## Abstract

The use of high-throughput genomic techniques to map gene expression quantitative trait loci has spurred the development of path analysis approaches for predicting functional networks linking genes and natural trait variation. The goal of this study was to test whether potentially confounding factors, including effects of common environment and genes not included in path models, affect predictions of cause–effect relationships among traits generated by QTL path analyses. Structural equation modeling (SEM) was used to test simple QTL-trait networks under different regulatory scenarios involving direct and indirect effects. SEM identified the correct models under simple scenarios, but when common-environment effects were simulated in conjunction with direct QTL effects on traits, they were poorly distinguished from indirect effects, leading to false support for indirect models. Application of SEM to loblolly pine QTL data provided support for biologically plausible *a priori* hypotheses of QTL mechanisms affecting height and diameter growth. However, some biologically implausible models were also well supported. The results emphasize the need to include any available functional information, including predictions for genetic and environmental correlations, to develop plausible models if biologically useful trait network predictions are to be made.

THE emergence of genome technologies provides unprecedented opportunities to dissect the regulatory and functional networks by which genes affect phenotypes. The field of systems biology arising from these opportunities has been devoted primarily to understanding constitutive processes by investigating and modeling phenotypic effects of knockout mutants, but recent interests have expanded into understanding how natural genetic variation affects phenotypic variability (Feder and Mitchell-Olds 2003; Benfey and Mitchell-Olds 2008; Keurentjes *et al*. 2008; Koonin and Wolf 2008). Genetic mapping of quantitative trait loci (QTL) in segregating families has become a key tool for uncovering the genetic architecture of natural trait variation and ultimately identifying the underlying genes over the last two decades (Mackay 2001, 2004). However, the use of high-throughput techniques has expanded the definition of “quantitative trait” to encompass transcript levels assayed on a genomewide scale, leading to expression QTL (eQTL) mapping (Brem *et al*. 2002; Schadt *et al*. 2005; Keurentjes *et al*. 2007), and similar approaches are being used to map QTL associated with metabolomic variation (Keurentjes *et al*. 2006; Lisec *et al*. 2008).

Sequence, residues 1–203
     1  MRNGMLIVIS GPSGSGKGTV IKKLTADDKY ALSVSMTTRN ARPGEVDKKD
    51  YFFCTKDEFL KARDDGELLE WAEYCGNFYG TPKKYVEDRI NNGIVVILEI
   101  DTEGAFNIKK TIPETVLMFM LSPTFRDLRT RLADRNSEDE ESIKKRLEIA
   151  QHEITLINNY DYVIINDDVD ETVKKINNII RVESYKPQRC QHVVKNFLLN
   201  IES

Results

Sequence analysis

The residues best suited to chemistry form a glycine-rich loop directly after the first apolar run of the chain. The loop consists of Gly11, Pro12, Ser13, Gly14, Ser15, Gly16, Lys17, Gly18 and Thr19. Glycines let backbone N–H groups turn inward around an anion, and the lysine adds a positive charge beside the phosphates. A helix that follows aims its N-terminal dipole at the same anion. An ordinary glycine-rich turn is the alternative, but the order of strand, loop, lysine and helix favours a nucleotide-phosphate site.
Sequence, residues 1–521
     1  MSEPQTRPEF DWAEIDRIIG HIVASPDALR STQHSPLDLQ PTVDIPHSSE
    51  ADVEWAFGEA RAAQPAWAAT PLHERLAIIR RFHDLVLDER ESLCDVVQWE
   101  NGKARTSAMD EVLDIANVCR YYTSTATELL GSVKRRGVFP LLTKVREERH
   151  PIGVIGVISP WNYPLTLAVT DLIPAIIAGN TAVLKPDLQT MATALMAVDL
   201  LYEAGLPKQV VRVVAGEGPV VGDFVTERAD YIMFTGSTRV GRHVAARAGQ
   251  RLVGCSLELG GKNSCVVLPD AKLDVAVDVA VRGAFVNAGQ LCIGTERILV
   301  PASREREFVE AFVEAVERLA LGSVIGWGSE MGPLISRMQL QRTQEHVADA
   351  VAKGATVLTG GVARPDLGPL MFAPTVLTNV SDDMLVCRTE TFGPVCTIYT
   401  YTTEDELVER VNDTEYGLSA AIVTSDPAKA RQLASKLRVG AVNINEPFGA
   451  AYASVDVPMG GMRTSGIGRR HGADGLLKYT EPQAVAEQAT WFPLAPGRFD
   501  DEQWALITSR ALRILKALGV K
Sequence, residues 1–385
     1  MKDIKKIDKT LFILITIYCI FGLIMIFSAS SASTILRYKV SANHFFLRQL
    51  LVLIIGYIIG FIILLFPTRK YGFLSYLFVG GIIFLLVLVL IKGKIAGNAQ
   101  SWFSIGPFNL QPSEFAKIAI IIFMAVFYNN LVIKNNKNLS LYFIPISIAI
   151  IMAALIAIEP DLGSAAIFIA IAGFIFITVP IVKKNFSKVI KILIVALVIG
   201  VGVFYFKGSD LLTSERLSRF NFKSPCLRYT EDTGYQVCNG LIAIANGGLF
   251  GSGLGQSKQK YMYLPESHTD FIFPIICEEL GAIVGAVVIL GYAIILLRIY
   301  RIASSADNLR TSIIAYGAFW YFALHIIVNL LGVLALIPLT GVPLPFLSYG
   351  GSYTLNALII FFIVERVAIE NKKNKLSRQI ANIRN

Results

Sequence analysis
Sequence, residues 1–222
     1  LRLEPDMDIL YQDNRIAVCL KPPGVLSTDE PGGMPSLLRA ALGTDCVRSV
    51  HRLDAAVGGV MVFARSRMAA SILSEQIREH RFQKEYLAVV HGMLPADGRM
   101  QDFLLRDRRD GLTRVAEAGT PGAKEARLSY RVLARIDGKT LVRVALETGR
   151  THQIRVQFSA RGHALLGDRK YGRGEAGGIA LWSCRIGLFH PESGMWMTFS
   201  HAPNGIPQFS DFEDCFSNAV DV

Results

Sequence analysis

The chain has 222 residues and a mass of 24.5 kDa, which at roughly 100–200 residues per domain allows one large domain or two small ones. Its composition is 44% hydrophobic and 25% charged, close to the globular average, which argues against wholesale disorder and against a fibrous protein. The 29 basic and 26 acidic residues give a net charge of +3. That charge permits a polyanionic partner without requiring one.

Interest in incorporating eQTL data into a systems biology framework has spawned the development of new analytical approaches for predicting functional networks linking genes and traits using multiple-trait QTL data. Basic methods for combined analysis of traditional multiple-trait QTL, such as mapping QTL for eigenvectors defined by principal components analysis (Langlade *et al*. 2005; Brewer *et al*. 2007) and multiple-trait QTL analysis (Jiang and Zeng 1995; Rauh *et al*. 2002; Hall *et al*. 2006), may be useful for detecting pleiotropic (or closely linked) QTL and for providing insights into the nature of multiple-trait QTL effects, but yield little information for causal inference. One proposed method for identifying key regulators of gene expression variation uses average expression levels of gene regulatory networks identified *a priori* as composite traits for eQTL analysis (Kliebenstein *et al*. 2006). In another approach, expression patterns of genes located within eQTL regions shared among genes in known pathways are compared to those of the genes in the pathway to identify likely pathway regulators (Keurentjes *et al*. 2007).